A great disappointment because expectations were immense, considering that in the three Masters 1000 he played this year he had reached one final (Miami) and two semifinals (Indian Wells and Montecarlo).

 Djokovic and Alcaraz, were the first two favourites for the title. But Sinner was rated as a third pick. And once Alcaraz and Djokovic were most unexpectedly ousted from the tournament he appeared as a likely winner. Also because Tsitispas hadn’t got off to brilliant start of clay season; Ruud had been struggling even more and Medvedev had never won a match in this previous four participations in Rome. 

So is Sinner really as strong as here in Italy we say he is? Only Einstein could answer: it’s all relative.

Of course he’s a strong player. And it’s likely he’s going to stay in the top 10 for a long time. Much longer than Panatta, Barazzutti and Fognini did. Probably also than Berrettini, who has already been in the top ten longer than the three I mentioned, though helped by  favourable circumstances, like the frozen rankings due to Covid.

How strong is he? Well, it depends on who we compare him with. If we look at his birth certificate, we cannot but think of Carlitos Alcaraz and Holger Rune.

Well, perhaps we have a little exaggerated, spurred by patriotism and craving for a true Italian champion, who has been missing since Panatta. Because the results achieved by Alcaraz, a Major and 4 Masters 1000, as well as No. 1 of the ATP ranking are quite different. It’s true that Jannik has beaten him on 3 occasions out of 6, at Wimbledon, Umag and Miami, not to mention the epic match at the US Open when he lost in 5 sets after having a match point. But this simply means that Alcaraz suffers his game, his powerful hitting from the baseline. In this sense there’s not such a huge gap, but many other aspects have to be taken into account.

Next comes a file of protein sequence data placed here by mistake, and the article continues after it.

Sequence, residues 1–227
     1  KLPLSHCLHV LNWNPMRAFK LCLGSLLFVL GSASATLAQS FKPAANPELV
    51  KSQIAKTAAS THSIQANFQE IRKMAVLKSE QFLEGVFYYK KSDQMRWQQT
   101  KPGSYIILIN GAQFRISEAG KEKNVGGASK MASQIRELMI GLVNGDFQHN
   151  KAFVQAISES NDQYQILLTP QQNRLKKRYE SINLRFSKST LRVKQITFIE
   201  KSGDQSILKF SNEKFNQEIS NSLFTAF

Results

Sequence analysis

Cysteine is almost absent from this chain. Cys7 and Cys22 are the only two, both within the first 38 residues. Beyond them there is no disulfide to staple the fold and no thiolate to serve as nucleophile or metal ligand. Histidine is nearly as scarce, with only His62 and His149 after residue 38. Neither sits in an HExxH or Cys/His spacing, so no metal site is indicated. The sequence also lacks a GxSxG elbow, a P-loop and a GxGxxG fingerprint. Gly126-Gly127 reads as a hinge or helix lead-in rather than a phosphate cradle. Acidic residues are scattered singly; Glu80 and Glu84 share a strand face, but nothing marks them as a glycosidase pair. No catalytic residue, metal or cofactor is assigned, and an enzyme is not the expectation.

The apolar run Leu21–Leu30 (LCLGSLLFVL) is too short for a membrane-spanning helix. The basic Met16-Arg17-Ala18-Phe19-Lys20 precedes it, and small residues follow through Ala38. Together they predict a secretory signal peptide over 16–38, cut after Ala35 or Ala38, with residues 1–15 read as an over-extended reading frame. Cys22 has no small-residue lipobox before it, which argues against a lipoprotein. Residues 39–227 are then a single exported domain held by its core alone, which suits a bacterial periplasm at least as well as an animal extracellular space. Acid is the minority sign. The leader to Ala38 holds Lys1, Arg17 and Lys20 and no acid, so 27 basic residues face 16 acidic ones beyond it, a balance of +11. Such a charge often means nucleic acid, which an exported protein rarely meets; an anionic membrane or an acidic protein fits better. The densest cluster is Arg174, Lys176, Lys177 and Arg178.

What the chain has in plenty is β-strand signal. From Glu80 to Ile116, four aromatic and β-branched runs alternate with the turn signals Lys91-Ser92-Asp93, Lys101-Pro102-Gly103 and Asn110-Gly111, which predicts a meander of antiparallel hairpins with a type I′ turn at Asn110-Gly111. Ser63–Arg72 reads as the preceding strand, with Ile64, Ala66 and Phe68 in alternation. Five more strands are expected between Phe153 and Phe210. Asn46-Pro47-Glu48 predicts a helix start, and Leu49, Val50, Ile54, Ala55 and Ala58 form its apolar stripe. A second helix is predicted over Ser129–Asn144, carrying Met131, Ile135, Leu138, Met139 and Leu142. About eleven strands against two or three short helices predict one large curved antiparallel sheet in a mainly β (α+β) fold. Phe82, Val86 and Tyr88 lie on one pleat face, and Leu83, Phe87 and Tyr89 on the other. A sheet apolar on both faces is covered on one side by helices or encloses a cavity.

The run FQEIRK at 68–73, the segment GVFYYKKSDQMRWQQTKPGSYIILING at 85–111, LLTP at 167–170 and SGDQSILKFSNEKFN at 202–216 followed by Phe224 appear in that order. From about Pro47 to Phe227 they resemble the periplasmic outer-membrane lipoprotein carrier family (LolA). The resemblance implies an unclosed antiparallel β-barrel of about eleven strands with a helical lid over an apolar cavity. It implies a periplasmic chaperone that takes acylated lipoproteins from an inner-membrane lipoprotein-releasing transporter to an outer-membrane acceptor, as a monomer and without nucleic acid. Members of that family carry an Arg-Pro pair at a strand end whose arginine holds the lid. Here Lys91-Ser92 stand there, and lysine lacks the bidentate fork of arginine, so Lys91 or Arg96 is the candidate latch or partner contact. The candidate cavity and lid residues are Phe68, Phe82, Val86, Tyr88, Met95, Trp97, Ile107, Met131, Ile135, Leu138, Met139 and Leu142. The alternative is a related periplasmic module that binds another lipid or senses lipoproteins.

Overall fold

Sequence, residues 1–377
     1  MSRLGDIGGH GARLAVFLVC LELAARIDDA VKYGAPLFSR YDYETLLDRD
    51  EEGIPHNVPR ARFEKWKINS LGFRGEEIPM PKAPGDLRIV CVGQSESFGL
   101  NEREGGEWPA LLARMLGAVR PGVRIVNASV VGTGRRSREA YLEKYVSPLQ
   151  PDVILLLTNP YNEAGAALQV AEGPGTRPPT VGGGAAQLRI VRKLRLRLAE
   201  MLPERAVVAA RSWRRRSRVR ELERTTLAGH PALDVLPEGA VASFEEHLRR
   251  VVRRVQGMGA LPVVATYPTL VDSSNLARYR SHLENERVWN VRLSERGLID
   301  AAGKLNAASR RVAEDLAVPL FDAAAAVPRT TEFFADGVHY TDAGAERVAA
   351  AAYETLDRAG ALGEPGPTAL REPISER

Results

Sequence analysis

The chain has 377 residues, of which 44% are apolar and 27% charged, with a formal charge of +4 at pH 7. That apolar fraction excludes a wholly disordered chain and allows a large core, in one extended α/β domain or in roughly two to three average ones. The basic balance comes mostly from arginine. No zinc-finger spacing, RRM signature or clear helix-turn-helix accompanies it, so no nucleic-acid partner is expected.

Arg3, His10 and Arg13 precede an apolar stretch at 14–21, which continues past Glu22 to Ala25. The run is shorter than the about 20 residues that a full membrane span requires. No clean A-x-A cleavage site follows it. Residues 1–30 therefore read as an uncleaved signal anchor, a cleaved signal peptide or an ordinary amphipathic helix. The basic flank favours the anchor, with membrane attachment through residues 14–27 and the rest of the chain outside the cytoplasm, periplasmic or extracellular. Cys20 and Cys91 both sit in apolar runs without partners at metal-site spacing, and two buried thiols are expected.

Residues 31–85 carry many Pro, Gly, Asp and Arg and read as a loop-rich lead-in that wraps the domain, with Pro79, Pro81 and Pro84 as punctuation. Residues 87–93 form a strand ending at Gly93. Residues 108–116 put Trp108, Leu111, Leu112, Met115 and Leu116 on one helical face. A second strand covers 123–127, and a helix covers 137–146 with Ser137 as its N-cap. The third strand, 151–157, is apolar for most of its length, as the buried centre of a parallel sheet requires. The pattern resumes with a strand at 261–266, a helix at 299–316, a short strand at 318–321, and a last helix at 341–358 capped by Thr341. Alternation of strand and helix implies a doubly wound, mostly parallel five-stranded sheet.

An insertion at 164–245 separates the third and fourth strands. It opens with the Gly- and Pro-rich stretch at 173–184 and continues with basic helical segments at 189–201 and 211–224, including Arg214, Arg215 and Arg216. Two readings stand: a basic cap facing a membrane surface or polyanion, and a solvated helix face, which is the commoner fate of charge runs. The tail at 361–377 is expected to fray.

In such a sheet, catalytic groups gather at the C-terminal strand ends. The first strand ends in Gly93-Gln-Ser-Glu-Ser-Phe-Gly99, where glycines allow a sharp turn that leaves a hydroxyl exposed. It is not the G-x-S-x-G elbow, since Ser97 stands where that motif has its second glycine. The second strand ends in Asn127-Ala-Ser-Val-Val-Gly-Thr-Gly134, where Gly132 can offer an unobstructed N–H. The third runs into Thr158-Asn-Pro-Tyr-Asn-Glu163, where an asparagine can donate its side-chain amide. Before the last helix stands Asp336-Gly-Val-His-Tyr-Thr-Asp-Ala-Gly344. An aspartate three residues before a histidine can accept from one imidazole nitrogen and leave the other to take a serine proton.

Which are Jannik’s limits, compared with the current No. 1 in the world? Alcaraz is a much more complete player in terms of touch and finesse, natural gameplay fluidity, explosiveness of shots, physical strength, athleticism and variety of recovery skills and, therefore, unpredictability, tactical ductility, from serve and volley which he sometimes executes persistently, as he did against Medvedev, never looking like a fish out of water at the net) to marathon runner resilience. He can mix up powerful serves and kick serves, continuously varying angles and spin. His dropshots are completely natural. Jannik’s tennis, instead, often gives the impression of being robotic, even though he has made great progress in the last year.         

I have often said that Jannik Sinner resembles Ivan Lendl, because Ivan’s philosophy was centred on work, work, and work, but he definitely wasn’t endowed with the same natural talent as John McEnroe. Yet he won more than McEnroe and this must be the hope, the goal of Sinner and his team.

Rune is a much more natural talent than Jannik. And it’s not only his mentor who says this.  He’s more complete, he serves better, he lands drop shots with greater ease, he can alternate powerful groundstrokes and changes of pace…like Big Cat Mecir. He plays a clever tennis, instinctive at times, but also well-reasoned.